When Normality Returns

These are unprecedented times. Brighton Festival Chorus exists to sing and make music, and for the first time in our history we are unable to perform. Our Spring concert was cancelled, our concert in the Royal Albert Hall in April was cancelled, and our two concerts in this year's Brighton Festival have also been cancelled. Our Summer concert is in doubt.

However, we are looking to the future, and to the return of normality! We are therefore still rehearsing, albeit via video conferencing (which feels a bit weird)!

In the pipeline are a performance of Carmina Burana in the Royal Albert Hall, a concert in St. John's, Smith Square in London, and a concert of our own in Brighton and Hove. We finish the year, hopefully, back in the Brighton Dome with our popular Christmas concert for all the family.

Watch this space, keep safe, and we hope to see you at one of our concerts in the not too distant future.


Brighton Festival At Home

We are featuring as part of Brighton Festival ‘At Home’ this May. Music will include "Ave Verum Corpus" by Mozart, and "No Rack Can Torture Me", a setting by Morgan Pochin of the poem by Emily Dickinson. Keep an eye open for further details in the coming days.

Also, check out the virtual recording with The Sixteen. Head over to Apple Music to watch our charity single, Amazing Grace, with Judy Collins and The Sixteen, and support the World Health Organisation Covid-19 Solidarity Response Fund.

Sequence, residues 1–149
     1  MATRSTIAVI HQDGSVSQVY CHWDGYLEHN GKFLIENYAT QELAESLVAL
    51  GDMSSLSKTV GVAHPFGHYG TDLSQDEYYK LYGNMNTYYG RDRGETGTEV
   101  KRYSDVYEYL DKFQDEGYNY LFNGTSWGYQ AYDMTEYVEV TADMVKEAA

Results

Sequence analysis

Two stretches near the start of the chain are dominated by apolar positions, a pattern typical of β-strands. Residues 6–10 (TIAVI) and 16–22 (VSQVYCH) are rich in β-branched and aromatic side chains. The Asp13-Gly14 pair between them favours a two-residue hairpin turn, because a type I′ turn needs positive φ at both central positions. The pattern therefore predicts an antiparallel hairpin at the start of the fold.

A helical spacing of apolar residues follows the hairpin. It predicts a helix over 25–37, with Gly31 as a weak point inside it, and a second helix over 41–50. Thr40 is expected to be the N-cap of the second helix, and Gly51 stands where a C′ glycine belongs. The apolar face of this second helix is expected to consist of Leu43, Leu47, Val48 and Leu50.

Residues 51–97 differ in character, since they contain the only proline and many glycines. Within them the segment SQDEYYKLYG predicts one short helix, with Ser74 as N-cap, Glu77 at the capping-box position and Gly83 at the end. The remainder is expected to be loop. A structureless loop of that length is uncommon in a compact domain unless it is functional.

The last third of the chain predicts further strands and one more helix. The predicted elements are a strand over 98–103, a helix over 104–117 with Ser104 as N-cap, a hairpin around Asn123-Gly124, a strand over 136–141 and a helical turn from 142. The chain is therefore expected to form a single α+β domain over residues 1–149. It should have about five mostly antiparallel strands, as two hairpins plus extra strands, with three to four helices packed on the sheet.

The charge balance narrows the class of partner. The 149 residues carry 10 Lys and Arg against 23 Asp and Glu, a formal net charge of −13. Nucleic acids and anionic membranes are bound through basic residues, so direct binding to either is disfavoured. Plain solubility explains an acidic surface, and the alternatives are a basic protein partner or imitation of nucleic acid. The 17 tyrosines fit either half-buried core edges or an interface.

BFC Spring Concert - sort of!

Sadly, Coronavirus prevented us from bringing you our Spring concert, which was to have featured, amongst other pieces, Carmina Burana by Carl Orff, and Pange Lingua by Zoltan Kodaly. While we can't recreate the magic of a live performance, we can let you hear a recording we made earlier! Well, quite a lot earlier actually - 1976 to be precise!



Wreath on Laszlo's grave

Laszlo Heltay (1930-2019)

It was with great sadness that we learned of the death of our founder, Laszlo Heltay. He had been suffering from lung cancer during 2019 and died on December 17th. His death marks the end of an era for BFC.

Brighton Festival Chorus owes its very existence to Laszlo who, at the request of the Brighton Festival Committee, formed the Chorus back in 1968, and remained its Music Director for the following 27 years. During those years the Chorus formed long and close associations with a number of leading orchestras and conductors, including the Royal Philharmonic Orchestra, Andre Previn, Vladimir Ashkenazy, and Lord Yehudi Menuhin.

Laszlo has been described as "One of the finest and most inspiring choral trainers in the world....Through his efforts the whole British choral tradition has been given a new look and a new set of standards to aim for.” Those who knew him when he was with BFC will surely agree with those comments.

Laszlo was a student of the composer Zoltan Kodály, and In Laszlo's honour we would have performed Kodály's Pange Lingua in our Spring concert in March, had the Coronavirus lockdown not put paid to that. BFC recorded this work in the 1970s.

Laszlo is buried in Farkasréti Cemetery in Budapest, the prestigious resting place of many eminent Hungarian artists, authors and musicians. Zoltan Kodaly, with whom he studied and whose work he championed, Bela Bartok, Lajos Bardos, and Georg Solti are all buried there.

In the video below, members of BFC share reminiscences of Laszlo.